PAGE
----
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Spirulina Side Effects

by
author image Jessica Bruso
Based in Massachusetts, Jessica Bruso has been writing since 2008. She holds a master of science degree in food policy and applied nutrition and a bachelor of arts degree in international relations, both from Tufts University.
Spirulina Side Effects
Spirulina may have some health benefits, but it does pose some risks. Photo Credit Magone/iStock/Getty Images

Spirulina is a nutrient-rich blue-green algae sometimes used to improve nutrition or as a form of alternative medicine, although there isn't enough scientific evidence to recommend it for treating any health condition, according to the University of Maryland Medical Center. It may not be safe for everyone, so check with your doctor before adding it to your daily routine.

Side Effects

If you take spirulina, it could cause certain side effects, including nausea, stomach pain, vomiting, thirst, weakness, rapid heartbeat, liver damage or shock. This supplement is generally considered safe even when taken in high amounts, however. The side effects are most likely if your spirulina is contaminated, so be sure to purchase this product from a reputable source that has tested it for contaminants.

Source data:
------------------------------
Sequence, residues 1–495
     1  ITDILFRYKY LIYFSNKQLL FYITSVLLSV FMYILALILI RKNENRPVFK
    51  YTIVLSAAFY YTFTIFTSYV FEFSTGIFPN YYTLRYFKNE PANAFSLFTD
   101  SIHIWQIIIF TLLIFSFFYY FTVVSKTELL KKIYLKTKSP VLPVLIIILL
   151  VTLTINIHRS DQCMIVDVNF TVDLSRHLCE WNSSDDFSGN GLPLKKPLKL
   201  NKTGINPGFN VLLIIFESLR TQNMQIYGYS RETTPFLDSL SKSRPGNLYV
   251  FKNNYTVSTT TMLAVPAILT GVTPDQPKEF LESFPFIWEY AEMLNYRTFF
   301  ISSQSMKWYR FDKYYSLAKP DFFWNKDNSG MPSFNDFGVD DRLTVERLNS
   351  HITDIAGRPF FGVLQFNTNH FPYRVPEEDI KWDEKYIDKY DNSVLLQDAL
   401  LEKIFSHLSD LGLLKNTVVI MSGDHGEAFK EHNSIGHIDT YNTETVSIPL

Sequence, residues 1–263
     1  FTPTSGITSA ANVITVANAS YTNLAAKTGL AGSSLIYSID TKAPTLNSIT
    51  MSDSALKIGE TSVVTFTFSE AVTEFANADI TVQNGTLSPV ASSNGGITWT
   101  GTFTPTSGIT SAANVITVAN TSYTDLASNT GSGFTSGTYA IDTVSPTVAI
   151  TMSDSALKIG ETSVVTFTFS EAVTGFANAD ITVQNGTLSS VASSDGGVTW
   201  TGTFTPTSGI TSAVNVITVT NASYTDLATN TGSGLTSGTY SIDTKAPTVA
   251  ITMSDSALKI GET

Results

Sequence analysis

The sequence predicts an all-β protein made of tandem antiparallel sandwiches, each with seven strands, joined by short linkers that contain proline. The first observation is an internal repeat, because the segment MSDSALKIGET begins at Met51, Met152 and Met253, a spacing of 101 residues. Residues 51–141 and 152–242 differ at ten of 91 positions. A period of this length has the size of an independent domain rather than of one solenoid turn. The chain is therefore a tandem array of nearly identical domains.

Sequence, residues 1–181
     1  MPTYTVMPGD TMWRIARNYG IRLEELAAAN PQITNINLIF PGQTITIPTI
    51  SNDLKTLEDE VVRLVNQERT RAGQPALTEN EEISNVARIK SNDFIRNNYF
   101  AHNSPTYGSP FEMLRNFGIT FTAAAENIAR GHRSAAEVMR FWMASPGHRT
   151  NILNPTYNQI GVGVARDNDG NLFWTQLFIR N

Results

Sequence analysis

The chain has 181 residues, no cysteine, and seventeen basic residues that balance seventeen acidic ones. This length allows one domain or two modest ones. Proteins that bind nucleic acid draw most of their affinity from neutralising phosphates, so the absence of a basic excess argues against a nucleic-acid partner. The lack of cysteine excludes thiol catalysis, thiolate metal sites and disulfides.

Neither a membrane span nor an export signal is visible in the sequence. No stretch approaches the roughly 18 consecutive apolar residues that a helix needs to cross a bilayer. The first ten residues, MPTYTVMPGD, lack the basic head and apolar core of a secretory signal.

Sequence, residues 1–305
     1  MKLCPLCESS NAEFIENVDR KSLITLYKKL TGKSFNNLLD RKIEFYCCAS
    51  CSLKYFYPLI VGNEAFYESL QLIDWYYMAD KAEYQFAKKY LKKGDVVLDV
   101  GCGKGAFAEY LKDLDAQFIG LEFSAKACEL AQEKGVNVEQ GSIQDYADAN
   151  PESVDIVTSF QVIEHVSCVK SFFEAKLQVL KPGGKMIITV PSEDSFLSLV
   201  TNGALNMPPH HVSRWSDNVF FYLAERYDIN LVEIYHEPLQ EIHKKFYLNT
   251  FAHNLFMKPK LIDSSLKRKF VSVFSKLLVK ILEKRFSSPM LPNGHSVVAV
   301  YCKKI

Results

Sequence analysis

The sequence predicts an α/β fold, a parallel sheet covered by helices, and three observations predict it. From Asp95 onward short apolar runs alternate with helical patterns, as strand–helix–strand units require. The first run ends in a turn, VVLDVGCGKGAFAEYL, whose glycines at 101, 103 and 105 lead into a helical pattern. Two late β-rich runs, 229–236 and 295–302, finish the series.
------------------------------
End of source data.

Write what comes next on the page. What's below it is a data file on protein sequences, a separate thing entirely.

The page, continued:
Potential Medication Interactions

Although no medication interactions are well-documented, spirulina may interact with medications that suppress your immune system and with blood thinners. If you are on these medications, you'll want to either avoid spirulina entirely or take it under the supervision of your doctor.

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Risk of Contamination

Purchase spirulina grown in a laboratory, which includes most types of spirulina sold in the United States, instead of spirulina harvested from outdoor sources. When spirulina is grown in waters contaminated with heavy metals, including lead or mercury, it will become contaminated with these metals. Spirulina can also be contaminated with substances called anatoxin and microcystin, which can be toxic. For this reason, some researchers recommend limiting spirulina consumption to no more than 50 grams per day.

Precautions and Contraindications

Because of the risk for contamination, spirulina isn't recommended for women who are pregnant or nursing. People with phenylketonuria shouldn't take this supplement because it provides all of the amino acids, including phenylalanine, which is dangerous for people with this condition. Those with autoimmune diseases should also avoid spirulina supplements, as they may stimulate the immune system and increase your symptoms.

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